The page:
RODEO DRIVE - Hall of Fame trainer Richard Mandella got Paradise Woods back on track earlier in the afternoon and then enjoyed another female runner’s return to form in the Grade 1, $300,000 Rodeo Drive at a mile and one-quarter on turf. Avenge, who had finished sixth as less than even money favorite in the Yellow Ribbon Handicap at Del Mar and third at a short price in the Gamely at Santa Anita before that, looked as strong as she had last year when she won this race on the way to mere one-length defeat in the Breeders’ Cup Filly and Mar Turf. Finishing ahead of her that afternoon was Queen’s Trust and Lady Eli—no shame in that performance. While notching her fifth win in 10 starts over the Santa Anita turf course, it should be noted that Avenge had a pair of wins in as many tries last season on the lawn at Del Mar. She won’t be favored in the F&M Turf, but her early speed is going to have her in the mix and her quality makes her tough to pass in the lane. That’s a decent combination to have on one’s side and we see possibly another possible BC in-the-money finish for her.
AWESOME AGAIN - The Grade 1, $300,000 Awesome Again, traditional SoCal bridge to the Breeders’ Cup Classic, went to Mubtaahij, a well-travelled, blinkered, 5-year-old making his first start for Bob Baffert. Splitting time between the United Arab Emirates and New York for the last three years, Mubtaahij had collected a 10-race losing streak. His last victory lap came after he romped by 8 lengths in the 2015 UAE Derby at Meydan. A subsequent trip to Louisville and a 9-length loss to American Pharoah in the Kentucky Derby and a similar decision in the Belmont were the first of his 10 losing excursions. Baffert polished Mubtaahij up and had him working in the morning like an energetic young man. The trainer also saddled Cupid, the favorite in the race and winner of his last out at Del Mar. In that race, Cupid appeared to ‘wait’ on competition through the lane. That’s rarely a good sign and something Baffert-trained runners hardly ever do. So, Saturday Cupid had blemishes. Mubtaahij didn’t. He won the Awesome Again by bearing down through the stretch and outrunning a trio of weary foes. Mubtaahij may find himself as part of a Baffert brigade in the Breeders’ Cup Classic, but that water will be over his head.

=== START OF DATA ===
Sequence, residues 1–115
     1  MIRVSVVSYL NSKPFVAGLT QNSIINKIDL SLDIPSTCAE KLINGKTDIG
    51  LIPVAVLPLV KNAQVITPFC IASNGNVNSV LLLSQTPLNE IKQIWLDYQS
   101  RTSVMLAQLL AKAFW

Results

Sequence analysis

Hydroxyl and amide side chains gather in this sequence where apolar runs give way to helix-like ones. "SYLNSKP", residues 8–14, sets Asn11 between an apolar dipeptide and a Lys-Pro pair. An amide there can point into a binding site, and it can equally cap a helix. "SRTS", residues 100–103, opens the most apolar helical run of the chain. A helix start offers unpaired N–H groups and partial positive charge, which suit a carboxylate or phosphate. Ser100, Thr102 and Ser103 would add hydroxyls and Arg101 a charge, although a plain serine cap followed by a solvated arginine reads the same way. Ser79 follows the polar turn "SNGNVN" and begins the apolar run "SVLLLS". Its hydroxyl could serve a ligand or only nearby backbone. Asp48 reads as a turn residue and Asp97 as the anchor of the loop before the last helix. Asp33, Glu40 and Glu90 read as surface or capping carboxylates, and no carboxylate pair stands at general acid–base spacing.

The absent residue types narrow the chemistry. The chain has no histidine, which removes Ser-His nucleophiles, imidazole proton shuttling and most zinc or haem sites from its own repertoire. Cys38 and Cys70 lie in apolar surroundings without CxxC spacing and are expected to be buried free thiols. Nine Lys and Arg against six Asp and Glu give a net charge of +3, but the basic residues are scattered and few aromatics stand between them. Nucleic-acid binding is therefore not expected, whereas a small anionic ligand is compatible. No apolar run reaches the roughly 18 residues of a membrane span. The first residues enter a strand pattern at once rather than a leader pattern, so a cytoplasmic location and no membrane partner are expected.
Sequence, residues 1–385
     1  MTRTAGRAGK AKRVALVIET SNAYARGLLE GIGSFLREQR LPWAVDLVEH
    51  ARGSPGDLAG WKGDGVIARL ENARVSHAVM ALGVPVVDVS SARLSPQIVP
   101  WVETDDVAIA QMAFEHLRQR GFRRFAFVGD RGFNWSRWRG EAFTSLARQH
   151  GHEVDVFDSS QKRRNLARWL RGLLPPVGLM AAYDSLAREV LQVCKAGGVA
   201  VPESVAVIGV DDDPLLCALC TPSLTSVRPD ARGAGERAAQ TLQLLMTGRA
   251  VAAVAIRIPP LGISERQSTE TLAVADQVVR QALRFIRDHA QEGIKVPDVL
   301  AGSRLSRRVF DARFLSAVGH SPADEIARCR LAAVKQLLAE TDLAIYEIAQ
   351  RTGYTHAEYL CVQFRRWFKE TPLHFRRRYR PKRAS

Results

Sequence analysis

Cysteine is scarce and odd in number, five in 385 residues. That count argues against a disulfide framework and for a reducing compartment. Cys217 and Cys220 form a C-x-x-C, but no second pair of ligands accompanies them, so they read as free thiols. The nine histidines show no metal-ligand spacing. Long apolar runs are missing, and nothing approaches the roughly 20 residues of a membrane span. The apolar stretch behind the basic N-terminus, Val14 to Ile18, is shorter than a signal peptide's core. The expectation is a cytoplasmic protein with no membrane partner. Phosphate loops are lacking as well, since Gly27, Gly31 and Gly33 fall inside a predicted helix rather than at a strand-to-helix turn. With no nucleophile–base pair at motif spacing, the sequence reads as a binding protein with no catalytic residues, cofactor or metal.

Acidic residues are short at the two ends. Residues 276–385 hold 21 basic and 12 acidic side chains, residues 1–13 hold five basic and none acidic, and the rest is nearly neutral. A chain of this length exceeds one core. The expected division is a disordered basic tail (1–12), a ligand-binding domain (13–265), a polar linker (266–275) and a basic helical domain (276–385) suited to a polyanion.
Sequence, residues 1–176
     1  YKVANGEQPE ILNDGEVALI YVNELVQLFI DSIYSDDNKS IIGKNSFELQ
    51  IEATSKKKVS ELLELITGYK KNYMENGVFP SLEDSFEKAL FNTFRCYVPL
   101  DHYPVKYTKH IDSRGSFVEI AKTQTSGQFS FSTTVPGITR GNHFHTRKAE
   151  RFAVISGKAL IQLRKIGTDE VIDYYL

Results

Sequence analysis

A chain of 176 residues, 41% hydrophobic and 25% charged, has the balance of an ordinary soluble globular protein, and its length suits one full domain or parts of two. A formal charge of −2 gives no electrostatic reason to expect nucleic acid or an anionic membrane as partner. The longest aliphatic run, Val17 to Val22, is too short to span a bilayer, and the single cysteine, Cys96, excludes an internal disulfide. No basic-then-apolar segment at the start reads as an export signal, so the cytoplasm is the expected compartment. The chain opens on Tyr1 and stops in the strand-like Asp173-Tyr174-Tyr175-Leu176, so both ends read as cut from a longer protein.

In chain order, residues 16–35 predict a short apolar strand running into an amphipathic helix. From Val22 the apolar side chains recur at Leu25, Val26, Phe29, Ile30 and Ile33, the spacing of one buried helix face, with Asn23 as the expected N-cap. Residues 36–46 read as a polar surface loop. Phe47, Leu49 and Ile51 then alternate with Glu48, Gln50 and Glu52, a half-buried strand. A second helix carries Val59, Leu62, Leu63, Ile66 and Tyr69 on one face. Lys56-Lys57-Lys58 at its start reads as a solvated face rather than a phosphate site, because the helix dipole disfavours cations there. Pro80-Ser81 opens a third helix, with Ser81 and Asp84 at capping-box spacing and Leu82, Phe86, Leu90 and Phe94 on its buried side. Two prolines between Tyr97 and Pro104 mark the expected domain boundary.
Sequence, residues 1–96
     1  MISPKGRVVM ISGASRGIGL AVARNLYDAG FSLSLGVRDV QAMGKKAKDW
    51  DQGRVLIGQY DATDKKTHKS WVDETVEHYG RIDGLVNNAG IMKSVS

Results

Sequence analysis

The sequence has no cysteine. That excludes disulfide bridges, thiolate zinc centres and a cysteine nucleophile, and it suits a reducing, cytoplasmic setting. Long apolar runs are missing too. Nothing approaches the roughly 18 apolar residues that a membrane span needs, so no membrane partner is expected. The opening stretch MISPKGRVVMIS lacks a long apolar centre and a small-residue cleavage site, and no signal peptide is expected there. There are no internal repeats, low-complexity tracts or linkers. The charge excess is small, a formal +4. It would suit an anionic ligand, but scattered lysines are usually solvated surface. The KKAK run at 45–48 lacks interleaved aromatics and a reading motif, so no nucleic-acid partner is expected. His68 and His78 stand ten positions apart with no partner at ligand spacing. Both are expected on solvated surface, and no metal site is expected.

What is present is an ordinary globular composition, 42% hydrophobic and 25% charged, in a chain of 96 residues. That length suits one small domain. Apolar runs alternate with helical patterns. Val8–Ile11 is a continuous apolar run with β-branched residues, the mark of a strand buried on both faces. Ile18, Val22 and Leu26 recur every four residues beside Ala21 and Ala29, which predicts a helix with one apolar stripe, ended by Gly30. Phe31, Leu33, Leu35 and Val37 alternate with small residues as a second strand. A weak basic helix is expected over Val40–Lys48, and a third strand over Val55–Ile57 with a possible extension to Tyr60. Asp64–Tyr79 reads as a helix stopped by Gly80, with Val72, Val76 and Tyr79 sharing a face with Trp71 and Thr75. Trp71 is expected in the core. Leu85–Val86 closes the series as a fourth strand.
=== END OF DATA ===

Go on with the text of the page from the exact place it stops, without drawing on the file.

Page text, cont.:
VOSBURGH - Hours before Mubtaahij, a former Kiaran McLaughlin pupil won the Awesome Again, Takaful, a current McLaughlin student, parlayed a runner-up effort in the H. Allan Jerkens behind Practical Joke at Saratoga into a solid Grade 1, $350,000 Vosburgh victory at Belmont. The tally was rewarding for everyone involved with the colt because despite talent he’s also displayed plenty of behavioral quirks. Takaful ran down trainer Jorge Navarro’s resurgent speedster El Deal. Always fast, 5-year-old El Deal has found increased stamina since moving to the Navarro barn and before the Vosburgh had won three in a row, including the Grade 1 Vanderbilt by 8 lengths at Saratoga! ‘Deal displayed his usual early speed and it looked for a moment like he would add the Vosburgh trophy to his mantle. However, 3-year-old Takaful was too determined in the lane and came away nicely. Baffert’s Drefong is the current BC Sprint favorite, but he won’t run again until that race. El Deal’s blazing speed and Takaful’s recent determination will add intrigue to the Sprint and will guarantee a lively pace in the race, as if that wasn’t already expected with the blazing Imperial Hint scheduled to run.